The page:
‘Even the smallest space can be utilised to make the world a little greener’
Living greenly in a large city can be something of a battle, especially when garden space comes at a premium, but when many believe that remaining in touch with nature is not only necessary for health but also happiness we have to start putting our creativity to the test.
Landscape architect Stefano Marinaz is just one of the growing number of people directing his attention in the direction of space-limited urban gardening. He believes that green spaces not only improve quality of life but that they are also essential for reinstating a deeper connection with nature.
A couple of months ago I made it along to the Clerkenwell Design Week in London, where in collaboration with Elips design and Viabizzuno lighting, Stefano had transformed the Elips London studio into a hanging vegetable garden with the aim of demonstrating how easy it is to improve space in a small city environment – and even to grow your own food – when actual floor space is limited.
‘We chose a hanging garden to show that we always can find a way to get greener. Even if we struggle to find space on the floor, or on the walls, we can hang from a ceiling or from a structure.’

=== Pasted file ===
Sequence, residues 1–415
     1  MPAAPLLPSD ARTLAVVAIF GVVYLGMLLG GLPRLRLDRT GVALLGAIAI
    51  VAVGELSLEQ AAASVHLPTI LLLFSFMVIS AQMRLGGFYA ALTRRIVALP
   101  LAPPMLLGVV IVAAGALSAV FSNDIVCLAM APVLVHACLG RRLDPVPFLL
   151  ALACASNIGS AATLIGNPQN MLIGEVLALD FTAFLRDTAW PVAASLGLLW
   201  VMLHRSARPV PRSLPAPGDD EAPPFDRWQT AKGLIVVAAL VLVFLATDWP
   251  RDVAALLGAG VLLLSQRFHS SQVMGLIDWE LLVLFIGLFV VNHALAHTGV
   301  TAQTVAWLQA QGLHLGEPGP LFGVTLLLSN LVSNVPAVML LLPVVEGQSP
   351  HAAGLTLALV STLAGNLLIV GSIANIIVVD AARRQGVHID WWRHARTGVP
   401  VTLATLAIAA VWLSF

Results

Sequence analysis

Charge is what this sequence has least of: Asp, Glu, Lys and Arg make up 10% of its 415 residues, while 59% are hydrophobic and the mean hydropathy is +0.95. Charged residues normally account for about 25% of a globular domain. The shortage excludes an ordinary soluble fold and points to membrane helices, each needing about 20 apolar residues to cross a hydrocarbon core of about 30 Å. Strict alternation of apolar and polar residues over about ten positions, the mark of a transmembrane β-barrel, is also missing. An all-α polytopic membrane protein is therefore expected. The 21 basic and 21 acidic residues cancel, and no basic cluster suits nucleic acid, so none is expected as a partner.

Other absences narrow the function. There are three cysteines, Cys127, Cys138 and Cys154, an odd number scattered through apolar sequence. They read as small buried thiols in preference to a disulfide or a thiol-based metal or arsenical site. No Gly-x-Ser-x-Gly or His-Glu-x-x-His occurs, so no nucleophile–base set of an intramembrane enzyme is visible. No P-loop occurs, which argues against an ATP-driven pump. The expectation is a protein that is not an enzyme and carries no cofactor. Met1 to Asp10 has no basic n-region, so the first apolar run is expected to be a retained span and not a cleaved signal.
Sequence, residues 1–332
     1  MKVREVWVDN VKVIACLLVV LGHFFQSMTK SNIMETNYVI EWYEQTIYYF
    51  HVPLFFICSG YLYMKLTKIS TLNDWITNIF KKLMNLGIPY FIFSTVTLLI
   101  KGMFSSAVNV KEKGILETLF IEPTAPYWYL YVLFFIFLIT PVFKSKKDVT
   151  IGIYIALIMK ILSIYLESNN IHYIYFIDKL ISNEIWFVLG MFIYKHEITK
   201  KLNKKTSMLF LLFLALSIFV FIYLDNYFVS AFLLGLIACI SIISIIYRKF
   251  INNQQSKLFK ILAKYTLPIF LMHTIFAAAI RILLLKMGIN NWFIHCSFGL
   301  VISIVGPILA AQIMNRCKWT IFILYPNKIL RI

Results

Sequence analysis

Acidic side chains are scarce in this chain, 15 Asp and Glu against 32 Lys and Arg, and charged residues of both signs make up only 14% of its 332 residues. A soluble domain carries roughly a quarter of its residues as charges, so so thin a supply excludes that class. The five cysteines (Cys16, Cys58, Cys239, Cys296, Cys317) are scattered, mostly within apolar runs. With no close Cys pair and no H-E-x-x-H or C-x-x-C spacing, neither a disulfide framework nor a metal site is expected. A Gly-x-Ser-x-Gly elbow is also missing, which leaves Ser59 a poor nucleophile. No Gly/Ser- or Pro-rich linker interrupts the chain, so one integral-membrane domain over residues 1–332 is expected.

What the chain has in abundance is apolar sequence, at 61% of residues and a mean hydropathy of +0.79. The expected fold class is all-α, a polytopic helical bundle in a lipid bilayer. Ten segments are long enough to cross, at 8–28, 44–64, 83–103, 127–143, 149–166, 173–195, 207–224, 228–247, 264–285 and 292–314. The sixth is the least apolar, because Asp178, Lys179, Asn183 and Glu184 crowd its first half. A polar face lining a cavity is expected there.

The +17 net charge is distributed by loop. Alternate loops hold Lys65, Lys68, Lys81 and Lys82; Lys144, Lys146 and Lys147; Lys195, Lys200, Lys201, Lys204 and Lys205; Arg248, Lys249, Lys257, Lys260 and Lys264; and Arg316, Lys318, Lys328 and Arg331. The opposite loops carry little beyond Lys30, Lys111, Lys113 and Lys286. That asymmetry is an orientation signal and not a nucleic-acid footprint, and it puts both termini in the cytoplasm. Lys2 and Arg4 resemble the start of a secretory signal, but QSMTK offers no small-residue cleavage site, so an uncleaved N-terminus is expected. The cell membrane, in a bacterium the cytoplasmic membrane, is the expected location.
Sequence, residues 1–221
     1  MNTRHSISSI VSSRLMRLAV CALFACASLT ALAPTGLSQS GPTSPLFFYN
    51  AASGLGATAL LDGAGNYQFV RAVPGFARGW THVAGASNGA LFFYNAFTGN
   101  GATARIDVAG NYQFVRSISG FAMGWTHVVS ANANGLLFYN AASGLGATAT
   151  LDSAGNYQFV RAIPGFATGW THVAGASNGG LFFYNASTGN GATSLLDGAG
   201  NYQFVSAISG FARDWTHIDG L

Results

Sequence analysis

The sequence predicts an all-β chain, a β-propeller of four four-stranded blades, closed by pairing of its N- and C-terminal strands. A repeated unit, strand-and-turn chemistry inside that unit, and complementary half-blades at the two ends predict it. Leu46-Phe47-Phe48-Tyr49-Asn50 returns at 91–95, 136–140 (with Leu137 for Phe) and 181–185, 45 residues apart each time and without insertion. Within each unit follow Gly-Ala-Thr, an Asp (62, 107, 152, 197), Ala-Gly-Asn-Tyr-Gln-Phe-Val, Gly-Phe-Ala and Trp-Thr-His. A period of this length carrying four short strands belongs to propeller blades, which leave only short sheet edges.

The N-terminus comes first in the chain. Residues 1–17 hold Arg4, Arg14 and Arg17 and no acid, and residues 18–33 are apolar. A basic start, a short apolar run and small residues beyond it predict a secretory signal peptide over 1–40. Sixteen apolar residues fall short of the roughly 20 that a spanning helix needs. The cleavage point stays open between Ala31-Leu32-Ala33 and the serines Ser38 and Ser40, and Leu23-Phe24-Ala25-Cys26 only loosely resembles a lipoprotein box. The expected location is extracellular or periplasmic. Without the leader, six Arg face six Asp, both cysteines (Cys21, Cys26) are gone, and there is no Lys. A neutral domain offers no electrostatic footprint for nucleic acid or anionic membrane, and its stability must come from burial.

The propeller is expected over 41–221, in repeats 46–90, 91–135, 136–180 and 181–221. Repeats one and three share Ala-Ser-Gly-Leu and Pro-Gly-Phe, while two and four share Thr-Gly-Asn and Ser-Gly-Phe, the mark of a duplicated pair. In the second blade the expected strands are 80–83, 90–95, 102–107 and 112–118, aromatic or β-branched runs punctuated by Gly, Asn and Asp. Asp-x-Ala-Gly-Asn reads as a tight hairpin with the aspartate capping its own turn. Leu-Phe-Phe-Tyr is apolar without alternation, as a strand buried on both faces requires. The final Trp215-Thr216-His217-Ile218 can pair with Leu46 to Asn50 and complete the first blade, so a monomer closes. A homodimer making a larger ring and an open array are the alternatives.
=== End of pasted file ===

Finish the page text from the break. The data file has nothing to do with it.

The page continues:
The result was an interesting combination of upside-down plants (which were supposed to encourage you to pick your own fruit and herbs) and hanging basket type arrangements. It wasn’t quite to my taste – I prefer my plants a bit more wild – but I appreciated the sentiment.
If this is a little too much design over practicality for you, there are other alternatives. Glass jar planters are becoming an increasingly popular and inexpensive way to encourage green growth within the home. To create your own indoor plantations: take a few large jam jars and fill the bottom with rocks to aid drainage, before lightly filling with earth and adding seeds.
Enterprising experimenters have even attached the jars to reclaimed wood boards to create pretty indoor herb gardens which are also useful for cooking…
The increasing demand for urban gardening products has also seen the likes of The Espresso Mushroom Company evolve. They collect used coffee grounds from cafes around Brighton and then use the grounds to grow their own Oyster mushrooms. They also encourage you to grow your own with their fantastic kitchen gardens (which are no larger than a tea bag box). Follow three simple instructions and you can grow your own Oyster Pearl mushrooms from a kitchen shelf within two weeks proving you don’t need outdoor space to harvest your own food.
For more about the Espresso Mushroom Company visit: http://espressomushroom.co.uk/